Well, I find myself turning to this blog as a sort of therapy.  Absent for a while, yes, but like the prodigal son, I have returned.  Unfortunately, I find myself deep in thought about the unpleasantness of, you guessed it, all things prison.  There are, indeed, many more prisoners in this country then those simply behind bars.  I have to smile when I reflect back on a recent conversation with a friend when I said that I was in my own carefully built self made prison.  His response, funny, true and sad was "You are the prisoner, the warden and the correctional officer".  He's right.  MOST would say if you're the warden, just let yourself out.  Of course, those are the people who have never had a loved one in prison.  Because if they had, that question never would enter their mind.  I find myself banging away at this keyboard with several things on my mind.  At this time, the one topic I feel I can talk about is solitary confinement.  Here's where I mention KC is back in solitary.  Why isn't important right now.  But he's there.  So just two weeks shy of his one year anniversary of being solitary free, I realized this morning, I guess I'll have to take his "one year solitary free anniversary platter" back to Tiffany's.  Luckily, I hadn't yet had it engraved.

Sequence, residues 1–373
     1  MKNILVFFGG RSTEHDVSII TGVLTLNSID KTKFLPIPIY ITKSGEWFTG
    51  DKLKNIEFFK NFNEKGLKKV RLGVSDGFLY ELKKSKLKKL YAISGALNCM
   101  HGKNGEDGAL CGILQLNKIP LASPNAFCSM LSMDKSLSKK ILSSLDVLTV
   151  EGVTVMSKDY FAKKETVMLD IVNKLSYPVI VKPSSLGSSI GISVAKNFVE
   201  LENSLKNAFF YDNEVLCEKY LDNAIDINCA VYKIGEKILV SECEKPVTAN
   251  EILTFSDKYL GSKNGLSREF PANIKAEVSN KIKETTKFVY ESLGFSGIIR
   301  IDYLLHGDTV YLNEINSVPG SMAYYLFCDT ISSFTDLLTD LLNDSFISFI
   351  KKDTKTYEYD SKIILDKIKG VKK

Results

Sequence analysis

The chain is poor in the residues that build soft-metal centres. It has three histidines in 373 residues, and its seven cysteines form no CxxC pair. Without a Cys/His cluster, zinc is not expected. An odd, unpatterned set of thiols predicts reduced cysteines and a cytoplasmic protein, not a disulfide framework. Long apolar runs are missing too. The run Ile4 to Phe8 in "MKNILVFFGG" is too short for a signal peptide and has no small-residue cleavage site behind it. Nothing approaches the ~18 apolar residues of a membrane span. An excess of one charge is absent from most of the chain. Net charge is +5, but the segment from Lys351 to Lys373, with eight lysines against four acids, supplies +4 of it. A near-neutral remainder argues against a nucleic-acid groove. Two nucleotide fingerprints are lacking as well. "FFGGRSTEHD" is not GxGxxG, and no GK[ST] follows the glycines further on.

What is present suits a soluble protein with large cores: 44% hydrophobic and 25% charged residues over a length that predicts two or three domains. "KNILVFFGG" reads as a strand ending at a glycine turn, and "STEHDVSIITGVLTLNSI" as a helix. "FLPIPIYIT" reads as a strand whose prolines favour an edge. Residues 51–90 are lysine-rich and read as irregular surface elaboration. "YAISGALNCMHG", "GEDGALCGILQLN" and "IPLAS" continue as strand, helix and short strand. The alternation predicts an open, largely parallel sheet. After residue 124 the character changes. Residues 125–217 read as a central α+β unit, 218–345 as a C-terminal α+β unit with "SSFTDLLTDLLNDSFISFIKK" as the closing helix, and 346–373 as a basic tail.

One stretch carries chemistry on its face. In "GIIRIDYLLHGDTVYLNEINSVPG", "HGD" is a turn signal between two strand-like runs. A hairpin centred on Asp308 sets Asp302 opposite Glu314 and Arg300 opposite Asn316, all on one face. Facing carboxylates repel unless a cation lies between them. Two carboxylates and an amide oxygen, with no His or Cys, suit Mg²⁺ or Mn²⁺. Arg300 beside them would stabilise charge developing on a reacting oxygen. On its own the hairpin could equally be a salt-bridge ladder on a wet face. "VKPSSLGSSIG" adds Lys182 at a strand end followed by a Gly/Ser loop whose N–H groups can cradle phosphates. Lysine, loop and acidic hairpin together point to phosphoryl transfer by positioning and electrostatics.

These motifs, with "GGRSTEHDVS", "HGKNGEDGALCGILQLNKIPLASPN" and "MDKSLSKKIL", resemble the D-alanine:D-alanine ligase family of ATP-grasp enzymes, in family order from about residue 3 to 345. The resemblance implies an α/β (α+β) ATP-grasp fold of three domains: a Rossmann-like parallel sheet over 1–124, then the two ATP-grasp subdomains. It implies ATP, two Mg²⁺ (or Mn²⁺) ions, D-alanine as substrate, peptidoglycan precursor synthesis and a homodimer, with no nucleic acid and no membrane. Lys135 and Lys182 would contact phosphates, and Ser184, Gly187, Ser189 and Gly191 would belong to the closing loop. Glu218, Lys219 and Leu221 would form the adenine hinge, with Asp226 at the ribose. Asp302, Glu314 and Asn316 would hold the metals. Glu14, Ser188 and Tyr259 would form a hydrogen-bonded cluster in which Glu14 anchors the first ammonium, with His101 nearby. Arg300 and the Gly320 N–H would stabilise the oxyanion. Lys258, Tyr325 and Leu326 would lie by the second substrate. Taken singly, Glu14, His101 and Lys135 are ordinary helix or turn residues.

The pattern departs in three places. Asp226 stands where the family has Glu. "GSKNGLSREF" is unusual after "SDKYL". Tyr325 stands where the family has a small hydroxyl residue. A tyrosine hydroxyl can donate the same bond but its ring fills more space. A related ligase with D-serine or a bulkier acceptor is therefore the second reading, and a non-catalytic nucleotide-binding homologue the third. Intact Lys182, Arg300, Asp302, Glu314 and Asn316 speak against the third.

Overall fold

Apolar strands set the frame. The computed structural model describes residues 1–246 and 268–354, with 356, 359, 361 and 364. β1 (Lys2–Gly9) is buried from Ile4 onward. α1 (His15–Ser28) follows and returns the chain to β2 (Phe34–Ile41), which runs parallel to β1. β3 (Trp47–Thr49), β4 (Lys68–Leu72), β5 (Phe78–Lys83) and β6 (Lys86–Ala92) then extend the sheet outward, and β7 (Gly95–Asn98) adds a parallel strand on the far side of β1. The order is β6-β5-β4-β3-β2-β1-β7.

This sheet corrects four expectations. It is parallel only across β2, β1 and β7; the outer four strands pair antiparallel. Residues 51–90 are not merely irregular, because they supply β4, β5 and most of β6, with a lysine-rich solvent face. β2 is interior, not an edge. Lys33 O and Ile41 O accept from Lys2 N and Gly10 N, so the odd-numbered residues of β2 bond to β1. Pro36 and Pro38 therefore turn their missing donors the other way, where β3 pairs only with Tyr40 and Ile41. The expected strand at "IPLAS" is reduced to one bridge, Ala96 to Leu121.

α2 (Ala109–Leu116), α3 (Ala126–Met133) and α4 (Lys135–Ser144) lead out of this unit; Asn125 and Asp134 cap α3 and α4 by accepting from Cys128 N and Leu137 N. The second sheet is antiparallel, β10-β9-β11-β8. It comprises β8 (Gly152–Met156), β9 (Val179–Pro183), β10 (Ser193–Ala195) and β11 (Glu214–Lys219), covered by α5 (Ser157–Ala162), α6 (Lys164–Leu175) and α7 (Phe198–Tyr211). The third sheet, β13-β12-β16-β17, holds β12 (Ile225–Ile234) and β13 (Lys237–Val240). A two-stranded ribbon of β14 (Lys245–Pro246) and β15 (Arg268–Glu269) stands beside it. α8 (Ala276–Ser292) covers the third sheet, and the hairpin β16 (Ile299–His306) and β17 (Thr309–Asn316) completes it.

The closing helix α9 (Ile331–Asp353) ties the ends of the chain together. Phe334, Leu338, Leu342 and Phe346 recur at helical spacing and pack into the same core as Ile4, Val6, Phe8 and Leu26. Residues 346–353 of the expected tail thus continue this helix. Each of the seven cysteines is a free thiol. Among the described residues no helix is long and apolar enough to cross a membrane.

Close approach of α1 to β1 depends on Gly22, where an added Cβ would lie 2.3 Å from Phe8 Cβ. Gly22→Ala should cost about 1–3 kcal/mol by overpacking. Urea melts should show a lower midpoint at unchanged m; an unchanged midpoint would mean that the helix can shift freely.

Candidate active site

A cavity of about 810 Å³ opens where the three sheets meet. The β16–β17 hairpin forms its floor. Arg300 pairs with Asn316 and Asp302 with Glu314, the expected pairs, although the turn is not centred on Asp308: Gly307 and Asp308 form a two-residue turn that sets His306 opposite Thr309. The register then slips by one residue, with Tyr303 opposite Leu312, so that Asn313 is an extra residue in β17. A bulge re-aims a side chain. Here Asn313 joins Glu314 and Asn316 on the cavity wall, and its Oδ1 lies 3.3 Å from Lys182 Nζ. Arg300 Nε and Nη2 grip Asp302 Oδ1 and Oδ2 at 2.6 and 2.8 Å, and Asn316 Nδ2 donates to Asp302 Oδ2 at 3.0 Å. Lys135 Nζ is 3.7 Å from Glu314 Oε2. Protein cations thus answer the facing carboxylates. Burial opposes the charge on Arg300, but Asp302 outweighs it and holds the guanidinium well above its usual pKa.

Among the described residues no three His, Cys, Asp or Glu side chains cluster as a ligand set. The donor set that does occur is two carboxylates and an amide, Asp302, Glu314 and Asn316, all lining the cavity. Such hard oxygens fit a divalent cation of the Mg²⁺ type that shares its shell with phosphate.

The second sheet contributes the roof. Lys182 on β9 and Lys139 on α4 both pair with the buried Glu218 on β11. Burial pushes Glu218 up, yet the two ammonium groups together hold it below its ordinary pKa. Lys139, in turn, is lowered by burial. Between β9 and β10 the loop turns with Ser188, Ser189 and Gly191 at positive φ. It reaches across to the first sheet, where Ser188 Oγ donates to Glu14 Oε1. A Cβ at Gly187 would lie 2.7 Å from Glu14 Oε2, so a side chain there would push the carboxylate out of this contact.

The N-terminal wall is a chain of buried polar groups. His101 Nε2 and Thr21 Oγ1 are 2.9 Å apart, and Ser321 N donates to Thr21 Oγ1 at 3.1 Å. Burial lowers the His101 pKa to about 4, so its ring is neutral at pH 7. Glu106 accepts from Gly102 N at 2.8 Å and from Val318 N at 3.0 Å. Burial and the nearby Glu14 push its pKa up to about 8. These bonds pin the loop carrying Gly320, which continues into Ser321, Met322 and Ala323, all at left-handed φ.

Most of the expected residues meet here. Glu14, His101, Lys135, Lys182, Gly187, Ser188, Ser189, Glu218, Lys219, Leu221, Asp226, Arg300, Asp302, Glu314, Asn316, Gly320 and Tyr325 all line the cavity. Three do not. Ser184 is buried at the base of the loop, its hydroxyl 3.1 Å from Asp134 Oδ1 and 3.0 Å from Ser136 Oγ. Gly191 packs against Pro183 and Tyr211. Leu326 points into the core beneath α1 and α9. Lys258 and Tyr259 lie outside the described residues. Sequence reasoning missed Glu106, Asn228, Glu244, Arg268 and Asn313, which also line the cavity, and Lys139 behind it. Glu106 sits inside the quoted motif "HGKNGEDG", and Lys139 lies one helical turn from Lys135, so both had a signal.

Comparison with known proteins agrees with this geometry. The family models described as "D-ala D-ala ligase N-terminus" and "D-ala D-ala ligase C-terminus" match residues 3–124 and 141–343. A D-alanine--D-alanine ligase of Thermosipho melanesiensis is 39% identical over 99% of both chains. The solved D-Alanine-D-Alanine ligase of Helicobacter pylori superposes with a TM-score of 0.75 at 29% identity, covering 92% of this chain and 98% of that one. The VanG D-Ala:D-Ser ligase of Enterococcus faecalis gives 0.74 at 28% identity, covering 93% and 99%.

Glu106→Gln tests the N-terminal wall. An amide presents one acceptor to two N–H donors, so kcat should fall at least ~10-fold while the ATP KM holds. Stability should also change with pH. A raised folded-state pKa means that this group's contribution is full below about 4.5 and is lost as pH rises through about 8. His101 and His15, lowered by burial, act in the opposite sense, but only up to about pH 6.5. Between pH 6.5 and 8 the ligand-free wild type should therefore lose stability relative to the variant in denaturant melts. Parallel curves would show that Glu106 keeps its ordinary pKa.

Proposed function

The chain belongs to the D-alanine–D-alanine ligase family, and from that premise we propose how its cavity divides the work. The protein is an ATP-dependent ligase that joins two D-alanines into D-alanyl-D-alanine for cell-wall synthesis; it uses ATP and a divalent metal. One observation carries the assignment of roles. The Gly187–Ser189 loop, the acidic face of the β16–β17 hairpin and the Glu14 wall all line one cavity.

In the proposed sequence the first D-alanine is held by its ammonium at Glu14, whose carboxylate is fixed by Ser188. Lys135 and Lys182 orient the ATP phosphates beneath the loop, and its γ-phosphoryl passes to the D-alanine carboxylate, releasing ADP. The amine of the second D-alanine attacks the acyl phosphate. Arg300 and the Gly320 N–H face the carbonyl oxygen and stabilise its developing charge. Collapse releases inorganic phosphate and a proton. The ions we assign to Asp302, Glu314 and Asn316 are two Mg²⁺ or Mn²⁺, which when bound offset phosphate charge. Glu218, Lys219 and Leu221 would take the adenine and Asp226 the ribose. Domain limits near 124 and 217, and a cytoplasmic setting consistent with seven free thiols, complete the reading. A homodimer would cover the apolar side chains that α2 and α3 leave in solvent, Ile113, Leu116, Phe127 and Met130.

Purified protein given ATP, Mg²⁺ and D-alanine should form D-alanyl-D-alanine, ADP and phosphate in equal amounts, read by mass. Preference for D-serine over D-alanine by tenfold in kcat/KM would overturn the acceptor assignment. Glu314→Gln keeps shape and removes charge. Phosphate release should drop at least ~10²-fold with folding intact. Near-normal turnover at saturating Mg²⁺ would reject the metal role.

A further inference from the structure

So commences Solitary Confinement 101.  Let's get the high level overview out of the way.  The history of solitary confinement.  The practice started, at the very least in a benign fashion, and perhaps even in a noble attempt at true rehabilitation.  It started in the late 1820's at Eastern State Hospital in Philadelphia based on a Quaker philosophy.  The idea was to provide prisoners with time to reflect on their actions, a stab at gaining understand, remorse, and rehabilitation for their actions.  Early on, however, it was dismissed as the experiment yielded examples of increased suicide rates, and an inability to function in a social setting after periods of confinement upon release.  So, "A" for effort, it didn't work, moving on.  Right?  Wait, no!  Let's, collectively as a society, take this concept that at it's very origin was immediately dismissed as a total failure at rehabilitation, and let's try to perfect it.  The motivation behind the origin was admirable, and still remains a valid question.  And the Quaker philosophy was onto something with their belief that rehabilitation can come truly from only one source.  And that source is the offender themselves.  Has torturing someone into rehabilitation ever worked?  If you're reading this blog entry, you are enlightened enough to know that the answer is clearly no.